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Citizen science at public libraries: Data on librarians and users perceptions of participating in a citizen science project in Catalunya, Spain
- Anna Cigarini, Isabelle Bonhoure, Julián Vicens, Josep Perelló
- Data in Brief 2022 v.40 pp. 107713
- citizen science, focus groups, landscapes, libraries, surveys, Spain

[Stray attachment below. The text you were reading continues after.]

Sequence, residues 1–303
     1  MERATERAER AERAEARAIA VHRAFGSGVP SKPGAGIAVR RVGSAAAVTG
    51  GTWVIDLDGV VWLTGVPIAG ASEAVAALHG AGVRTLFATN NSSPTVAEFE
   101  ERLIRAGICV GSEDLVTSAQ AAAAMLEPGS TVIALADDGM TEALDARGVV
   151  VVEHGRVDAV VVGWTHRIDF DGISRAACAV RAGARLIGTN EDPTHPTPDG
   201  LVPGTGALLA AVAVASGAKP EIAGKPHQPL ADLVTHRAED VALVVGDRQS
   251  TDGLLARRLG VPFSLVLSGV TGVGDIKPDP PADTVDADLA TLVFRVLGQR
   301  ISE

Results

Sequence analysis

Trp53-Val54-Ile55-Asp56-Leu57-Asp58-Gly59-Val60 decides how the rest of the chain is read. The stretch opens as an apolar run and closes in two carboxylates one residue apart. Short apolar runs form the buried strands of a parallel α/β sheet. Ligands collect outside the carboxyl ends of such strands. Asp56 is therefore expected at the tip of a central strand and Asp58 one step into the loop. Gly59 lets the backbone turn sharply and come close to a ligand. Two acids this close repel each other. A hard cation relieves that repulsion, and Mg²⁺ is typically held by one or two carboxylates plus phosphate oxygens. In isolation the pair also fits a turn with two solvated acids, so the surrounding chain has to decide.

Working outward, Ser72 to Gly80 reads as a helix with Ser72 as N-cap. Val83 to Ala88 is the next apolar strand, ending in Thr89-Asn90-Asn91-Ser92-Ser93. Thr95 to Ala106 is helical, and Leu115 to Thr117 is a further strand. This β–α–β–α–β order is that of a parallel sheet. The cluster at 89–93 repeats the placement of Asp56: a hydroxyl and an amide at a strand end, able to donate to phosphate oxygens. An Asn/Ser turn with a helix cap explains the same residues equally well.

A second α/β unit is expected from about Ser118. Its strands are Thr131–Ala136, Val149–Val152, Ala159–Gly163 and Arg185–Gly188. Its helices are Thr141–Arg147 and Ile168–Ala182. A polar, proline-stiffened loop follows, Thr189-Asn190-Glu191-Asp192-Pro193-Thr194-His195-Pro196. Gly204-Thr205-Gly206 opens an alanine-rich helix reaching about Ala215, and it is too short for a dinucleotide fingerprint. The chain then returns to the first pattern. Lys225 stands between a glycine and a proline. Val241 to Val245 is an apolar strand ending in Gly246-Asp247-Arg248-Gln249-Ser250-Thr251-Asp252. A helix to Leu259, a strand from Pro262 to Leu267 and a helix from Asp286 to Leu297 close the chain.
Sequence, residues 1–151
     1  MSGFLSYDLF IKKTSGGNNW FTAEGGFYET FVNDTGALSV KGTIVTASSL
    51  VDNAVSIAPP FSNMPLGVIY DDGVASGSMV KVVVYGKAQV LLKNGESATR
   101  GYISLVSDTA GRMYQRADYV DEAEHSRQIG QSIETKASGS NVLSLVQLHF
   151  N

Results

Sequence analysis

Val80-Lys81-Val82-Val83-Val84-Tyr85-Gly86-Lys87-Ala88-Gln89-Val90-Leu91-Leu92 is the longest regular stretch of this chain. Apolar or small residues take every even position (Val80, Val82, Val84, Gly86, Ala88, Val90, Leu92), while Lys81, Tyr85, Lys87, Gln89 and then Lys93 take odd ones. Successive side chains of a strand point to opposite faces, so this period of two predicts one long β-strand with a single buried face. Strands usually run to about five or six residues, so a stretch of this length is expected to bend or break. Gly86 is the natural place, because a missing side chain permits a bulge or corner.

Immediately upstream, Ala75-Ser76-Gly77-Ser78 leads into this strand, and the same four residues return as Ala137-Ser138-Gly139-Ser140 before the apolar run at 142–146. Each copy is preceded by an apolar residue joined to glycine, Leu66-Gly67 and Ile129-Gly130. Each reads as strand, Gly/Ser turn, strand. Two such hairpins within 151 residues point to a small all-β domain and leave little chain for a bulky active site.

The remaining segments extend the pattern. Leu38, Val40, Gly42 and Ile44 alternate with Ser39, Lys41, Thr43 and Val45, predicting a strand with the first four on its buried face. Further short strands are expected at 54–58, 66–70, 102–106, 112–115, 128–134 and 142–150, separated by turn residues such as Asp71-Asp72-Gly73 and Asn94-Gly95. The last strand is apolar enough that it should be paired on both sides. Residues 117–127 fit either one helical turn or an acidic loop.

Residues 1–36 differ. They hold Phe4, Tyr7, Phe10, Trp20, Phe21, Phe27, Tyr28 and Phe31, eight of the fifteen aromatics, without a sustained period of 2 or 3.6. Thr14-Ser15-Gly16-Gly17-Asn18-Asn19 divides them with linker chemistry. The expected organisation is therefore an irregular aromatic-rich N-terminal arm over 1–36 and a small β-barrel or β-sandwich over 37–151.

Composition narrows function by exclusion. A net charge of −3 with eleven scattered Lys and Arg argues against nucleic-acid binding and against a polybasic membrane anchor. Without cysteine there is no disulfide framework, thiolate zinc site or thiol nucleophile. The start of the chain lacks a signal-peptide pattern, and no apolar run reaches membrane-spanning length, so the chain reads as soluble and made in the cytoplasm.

- As libraries struggle to keep pace with the changing societal landscape, emerging practices such as citizen science (CS) initiatives are being incorporated to reinforce the idea of public libraries as gathering, meeting, and collaboration spaces within the context of shared community and shared learning resources. However, there is little empirical evidence of whether the most open and participatory ways that CS puts forward can converge with and be nurtured by the essence of public libraries. Also, the roles of librarians and users in the ‘next generation public library’ have been under-developed. As the number of CS initiatives at public libraries grows, so does the need to collect evidence on the impact and the capacity of assimilation of CS practices. The data describes librarians and users' perceptions of participating in a citizen science project. Two hands-on activities for librarians of the Barcelona Network of Public Libraries were implemented. One was a training course for 30 librarians from 24 libraries which allowed them to envisage citizen science implementation in each library. The second activity consisted in the co-creation of a citizen social science project. 40 library users, 7 librarians from 3 different cities, and professional scientists, were involved. The data on librarians and users' perception was collected through participant observation, surveys, and a focus group to identify strengths and challenges of implementing citizen science at public libraries. The data covers librarians and users attitudes towards citizen science, their motivations to participate, their perceived ability to implement a citizen science project (as for librarians) or to contribute to science (as for library users), and the participants intention to keep engaged with citizen science, drawing on the Theory of Planned Behavior. Responses to closed-ended survey questions are analyzed at a descriptive level. The qualitative feedback from the focus group and the open-ended survey question on motivations is subjected to a thematic analysis. The data offers interesting insights to identify opportunities and challenges of implementing citizen science at public libraries, contributing to the debate over the public library's mission as local community hub.